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Lifestyle Wellness

Be Wary of Uncertified Personal Trainers and Group Fitness Instructors this Summer!

Maritza Fasack

Summertime is around the corner and we are excited to get back in shape, lose our quarantine weight gain, tone our bodies, get into a Bikini and look good for the beach. What better way to accomplish this than to hire a personal trainer or join an outdoor fitness class at one of our county and city parks. But before you do that make sure your personal trainer or group fitness instructor is certified.

During the summer you might see yoga, boot camp classes, and personal trainers working out with their clients, at many of our county and city parks. These classes can be expensive ranging from $20 to even $120 per hour. If you are paying this kind of money you deserve the best possible service from qualified instructors. 

From my experience, many uncertified instructors are working independently without professional liability insurance or permits in our public parks. Many of these individuals that have spent time in the gym, lost weight, and have a six-pack believe that they can teach others to do the same.

A certified personal trainer or group fitness instructor understands that their first priority is the safety of their clients. They are educated in teaching proper form, nutrition, understanding the body anatomy and physiology, and can become aware of underlying issues like a slow metabolism. They must be certified by one of the National Commission for Certifying Agencies. There are many certifying agencies, but the five major certifying bodies include: 

  • American Council on Exercise (ACE)
  • American College of Sports Medicine (ACSM)
  • National Academy of Sports Medicine (NASM)
  • National Strength and Conditioning Association (NSCA) 
  • The Aerobics and Fitness Association of America (AFAA)

These organizations require recertification every two to three years along with continuing education credits. If you want to make sure that you are hiring a qualified professional go to the   U.S Registry of Exercise Professionals (USREPS), which provides customers information to identify and verify if the trainer/instructor holds a current exercise certification. You only need their name, city, and state where they work to access their credentials. Furthermore, personal trainers and group fitness instructors need to be certified in AED/CPR and First Aid. We must not forget how equally important it is to do this research when it comes to our children. Personal trainers/instructors who work with adults are not always the best option for our children. The person you hire needs to have experience training children, have a lot of patience and be able to conduct appropriate fun exercises.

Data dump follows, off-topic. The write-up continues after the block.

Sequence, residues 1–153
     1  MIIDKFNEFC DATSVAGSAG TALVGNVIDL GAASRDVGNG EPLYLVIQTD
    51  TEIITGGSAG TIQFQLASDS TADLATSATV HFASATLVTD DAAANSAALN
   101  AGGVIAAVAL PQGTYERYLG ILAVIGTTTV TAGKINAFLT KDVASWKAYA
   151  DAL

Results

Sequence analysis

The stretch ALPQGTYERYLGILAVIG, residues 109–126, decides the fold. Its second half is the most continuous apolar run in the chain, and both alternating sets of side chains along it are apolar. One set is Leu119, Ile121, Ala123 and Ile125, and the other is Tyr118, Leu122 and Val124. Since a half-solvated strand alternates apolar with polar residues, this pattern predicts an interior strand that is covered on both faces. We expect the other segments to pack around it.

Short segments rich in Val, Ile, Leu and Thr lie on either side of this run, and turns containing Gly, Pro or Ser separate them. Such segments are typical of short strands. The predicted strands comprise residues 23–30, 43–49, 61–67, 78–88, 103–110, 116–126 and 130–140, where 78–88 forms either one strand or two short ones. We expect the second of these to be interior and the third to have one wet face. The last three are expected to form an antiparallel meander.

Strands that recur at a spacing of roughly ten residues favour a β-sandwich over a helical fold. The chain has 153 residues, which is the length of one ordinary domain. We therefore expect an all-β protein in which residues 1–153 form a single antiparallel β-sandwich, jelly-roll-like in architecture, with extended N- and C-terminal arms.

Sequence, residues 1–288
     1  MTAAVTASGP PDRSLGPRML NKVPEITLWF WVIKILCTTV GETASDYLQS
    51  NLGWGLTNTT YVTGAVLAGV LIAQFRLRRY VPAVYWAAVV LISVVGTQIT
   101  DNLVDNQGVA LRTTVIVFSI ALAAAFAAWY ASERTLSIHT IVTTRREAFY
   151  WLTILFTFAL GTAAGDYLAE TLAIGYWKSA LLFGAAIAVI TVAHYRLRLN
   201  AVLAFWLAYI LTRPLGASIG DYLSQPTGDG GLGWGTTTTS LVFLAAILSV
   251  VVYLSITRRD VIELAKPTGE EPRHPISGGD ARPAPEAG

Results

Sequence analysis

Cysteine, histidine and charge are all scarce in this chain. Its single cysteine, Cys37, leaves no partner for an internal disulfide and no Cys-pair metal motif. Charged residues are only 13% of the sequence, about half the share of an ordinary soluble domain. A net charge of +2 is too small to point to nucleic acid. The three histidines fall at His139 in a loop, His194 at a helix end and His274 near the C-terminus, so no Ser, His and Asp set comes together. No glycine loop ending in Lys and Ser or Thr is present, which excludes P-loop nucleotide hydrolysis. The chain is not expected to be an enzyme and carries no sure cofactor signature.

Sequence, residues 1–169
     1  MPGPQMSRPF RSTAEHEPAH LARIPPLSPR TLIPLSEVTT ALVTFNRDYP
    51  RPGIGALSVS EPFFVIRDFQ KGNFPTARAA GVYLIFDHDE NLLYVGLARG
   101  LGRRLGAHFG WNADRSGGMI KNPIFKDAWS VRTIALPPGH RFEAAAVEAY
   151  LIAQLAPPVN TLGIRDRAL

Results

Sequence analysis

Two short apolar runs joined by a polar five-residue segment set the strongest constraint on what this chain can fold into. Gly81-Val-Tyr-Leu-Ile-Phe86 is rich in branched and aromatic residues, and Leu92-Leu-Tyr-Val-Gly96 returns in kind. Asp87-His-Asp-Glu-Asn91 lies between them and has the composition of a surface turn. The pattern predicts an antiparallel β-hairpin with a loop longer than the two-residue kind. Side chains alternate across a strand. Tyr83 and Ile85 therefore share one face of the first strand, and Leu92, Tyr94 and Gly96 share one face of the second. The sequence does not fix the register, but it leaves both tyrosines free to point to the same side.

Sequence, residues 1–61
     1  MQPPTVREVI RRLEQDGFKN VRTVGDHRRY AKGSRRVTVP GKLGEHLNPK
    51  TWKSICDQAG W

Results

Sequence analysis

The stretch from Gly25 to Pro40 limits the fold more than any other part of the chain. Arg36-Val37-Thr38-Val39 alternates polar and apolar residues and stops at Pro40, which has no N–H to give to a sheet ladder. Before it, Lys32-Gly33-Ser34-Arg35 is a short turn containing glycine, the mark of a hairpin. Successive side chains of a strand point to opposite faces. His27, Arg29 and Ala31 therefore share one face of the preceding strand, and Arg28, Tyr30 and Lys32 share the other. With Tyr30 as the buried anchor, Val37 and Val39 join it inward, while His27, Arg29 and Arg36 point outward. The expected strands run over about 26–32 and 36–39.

Unfortunately, there are no State or Federal Laws preventing a person from saying that they are qualified instructors or trainers. Our county and city parks have been unable to enforce these individuals from conducting business in public parks without certifications and permits. The fact is that no one should be benefiting from their individual business ventures at our expense and safety.   Prior to joining an outdoor fitness class or hiring a personal trainer, you should ask to see their Professional Membership Certification card, CPR/AED Certification, First Aid Certification (make sure they are not expired), and a legal permit to conduct the class at the location. Especially important, do not forget to ask to see their Professional Liability Insurance. Confirming that your trainer/fitness instructor has liability insurance will help both of you feel more at ease. If an accident would occur, you both know that you will be covered. 

What about if I offend them by asking for their credentials?  There is no reason why a professional in any field should feel offended if you ask for their credentials. I am always proud and delighted to show my credentials. If they have the proper certification, they should be happy to show them to you. If they get defensive or cannot produce their certification that is a red flag telling you to move on. Hiring a personal trainer or group fitness instructor is a great idea to help you get back in shape this summer, but make sure you do your research, check out their background, and ask for professional references. Good luck with your search! 

Maritza Fasack
Maritza Fasack

Maritza Diaz Fasack has a Bachelor of Science in Physical Education from Hunter College, a Master of Science in Education, and Recreation from Lehman College. Physical Education Teacher for 24 years. ACE Certified Group Fitness Instructor. Certified SilverSneakers Instructor. Professional Member of American College of Sports Medicine (ACSM). Founder of Westchester County Hispanic Women Educators

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